In recruitment of new staff an often used golden rule often is that past behaviour is an indication of future behaviour. Businesses rely on reference checks or even Google searches to find out as much as they can about their potential new staff. But, is past behaviour really a good proxy for predicting future behaviour?
A magician’s view
The silent part of the American magician’s duo Penn & Teller broke his usual silence and vow of secrecy when he explained a classical magic trick to a gathering of consciousness scholars.
Teller showed that magicians can use the propensity of the human mind to seek patterns by skilfully changing the method during the routine. Teller beautifully illustrates that in human behaviour, the past is in no way a reliable approach to predicting the future.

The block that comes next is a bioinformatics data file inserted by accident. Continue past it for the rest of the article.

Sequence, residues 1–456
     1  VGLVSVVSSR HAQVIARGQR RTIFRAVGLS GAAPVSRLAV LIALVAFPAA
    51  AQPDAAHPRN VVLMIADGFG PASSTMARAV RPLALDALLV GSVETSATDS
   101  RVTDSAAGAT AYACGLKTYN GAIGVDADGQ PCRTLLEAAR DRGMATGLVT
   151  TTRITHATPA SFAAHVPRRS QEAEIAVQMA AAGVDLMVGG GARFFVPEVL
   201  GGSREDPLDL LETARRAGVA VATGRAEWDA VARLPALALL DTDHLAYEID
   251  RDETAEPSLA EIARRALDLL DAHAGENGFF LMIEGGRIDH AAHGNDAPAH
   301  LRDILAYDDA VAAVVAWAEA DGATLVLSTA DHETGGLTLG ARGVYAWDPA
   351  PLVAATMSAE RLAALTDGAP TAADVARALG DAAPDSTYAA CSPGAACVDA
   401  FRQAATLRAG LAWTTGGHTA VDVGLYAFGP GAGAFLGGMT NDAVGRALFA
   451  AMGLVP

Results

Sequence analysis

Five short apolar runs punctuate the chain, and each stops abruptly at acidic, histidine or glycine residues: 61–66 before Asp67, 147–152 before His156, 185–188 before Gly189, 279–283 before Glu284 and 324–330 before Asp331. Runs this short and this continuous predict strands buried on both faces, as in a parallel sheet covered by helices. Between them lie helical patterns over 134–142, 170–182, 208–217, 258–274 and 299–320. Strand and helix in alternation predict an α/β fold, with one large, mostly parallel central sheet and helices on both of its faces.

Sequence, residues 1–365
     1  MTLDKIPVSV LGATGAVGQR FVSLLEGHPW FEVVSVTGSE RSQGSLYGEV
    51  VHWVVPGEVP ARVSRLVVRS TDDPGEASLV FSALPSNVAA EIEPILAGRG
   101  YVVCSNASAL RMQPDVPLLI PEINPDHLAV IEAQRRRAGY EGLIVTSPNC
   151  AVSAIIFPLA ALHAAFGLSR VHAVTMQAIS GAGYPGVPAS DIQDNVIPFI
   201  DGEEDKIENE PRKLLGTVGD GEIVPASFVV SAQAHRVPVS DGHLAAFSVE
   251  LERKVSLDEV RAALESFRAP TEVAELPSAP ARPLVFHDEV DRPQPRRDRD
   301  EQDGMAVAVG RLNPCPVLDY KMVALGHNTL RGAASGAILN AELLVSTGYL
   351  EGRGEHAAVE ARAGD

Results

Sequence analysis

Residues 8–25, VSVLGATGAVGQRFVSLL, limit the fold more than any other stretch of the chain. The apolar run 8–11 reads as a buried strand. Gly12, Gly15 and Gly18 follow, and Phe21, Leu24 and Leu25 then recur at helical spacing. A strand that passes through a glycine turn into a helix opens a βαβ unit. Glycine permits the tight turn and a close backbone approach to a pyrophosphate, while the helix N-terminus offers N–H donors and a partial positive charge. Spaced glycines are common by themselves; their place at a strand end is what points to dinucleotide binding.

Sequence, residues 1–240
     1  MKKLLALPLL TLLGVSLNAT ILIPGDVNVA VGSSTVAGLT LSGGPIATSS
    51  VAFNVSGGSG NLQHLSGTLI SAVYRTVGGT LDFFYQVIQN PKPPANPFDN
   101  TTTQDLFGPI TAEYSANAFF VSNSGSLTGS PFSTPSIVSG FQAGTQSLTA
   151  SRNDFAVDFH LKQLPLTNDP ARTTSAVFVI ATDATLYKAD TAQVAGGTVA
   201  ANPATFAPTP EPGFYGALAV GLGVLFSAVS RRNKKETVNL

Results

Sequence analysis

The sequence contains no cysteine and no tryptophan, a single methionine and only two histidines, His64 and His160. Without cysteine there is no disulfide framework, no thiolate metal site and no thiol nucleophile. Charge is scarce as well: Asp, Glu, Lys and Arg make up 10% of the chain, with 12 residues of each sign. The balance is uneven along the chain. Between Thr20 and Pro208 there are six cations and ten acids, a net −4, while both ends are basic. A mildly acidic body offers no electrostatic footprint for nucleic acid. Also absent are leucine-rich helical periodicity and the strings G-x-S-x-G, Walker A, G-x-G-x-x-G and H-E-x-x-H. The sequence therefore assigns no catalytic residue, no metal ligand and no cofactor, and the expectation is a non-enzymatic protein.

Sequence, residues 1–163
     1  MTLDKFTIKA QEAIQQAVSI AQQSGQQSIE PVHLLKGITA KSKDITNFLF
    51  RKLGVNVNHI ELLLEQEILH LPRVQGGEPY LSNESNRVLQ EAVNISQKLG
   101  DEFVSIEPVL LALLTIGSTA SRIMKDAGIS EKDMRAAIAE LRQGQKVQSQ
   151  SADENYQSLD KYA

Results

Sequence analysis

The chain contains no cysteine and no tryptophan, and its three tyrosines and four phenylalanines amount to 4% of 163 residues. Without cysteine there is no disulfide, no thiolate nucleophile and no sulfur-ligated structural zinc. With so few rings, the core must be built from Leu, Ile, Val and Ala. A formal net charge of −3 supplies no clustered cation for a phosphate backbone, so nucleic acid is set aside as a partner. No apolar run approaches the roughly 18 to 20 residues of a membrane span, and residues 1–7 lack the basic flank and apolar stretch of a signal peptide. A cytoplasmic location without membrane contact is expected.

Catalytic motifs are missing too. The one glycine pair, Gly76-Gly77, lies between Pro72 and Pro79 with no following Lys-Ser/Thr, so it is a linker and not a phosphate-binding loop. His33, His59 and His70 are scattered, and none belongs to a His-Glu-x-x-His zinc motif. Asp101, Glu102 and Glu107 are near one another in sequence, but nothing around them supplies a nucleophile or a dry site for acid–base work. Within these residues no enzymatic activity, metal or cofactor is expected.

Predicting behaviour in recruitment
it is not logical to think that past behaviour is an indication of future behaviour
We have to be careful when judging a person through second hand information gained from referees, Facebook searches and other forms of overt espionage. People are not billiard balls that operate in accordance with laws of physics. People have free will and can change their behaviour depending on the circumstances they find themselves in. Most importantly, we can learn from our mistakes and grow as people by learning from them. Not hiring somebody who has made a mistake in the past could mean that you miss out on hiring a person with a high level of maturity and an ability to adapt. Therefore, when judging a person, keep in mind the words of Roman poet Horace: “Non sum quals eram”—I am not who I once was.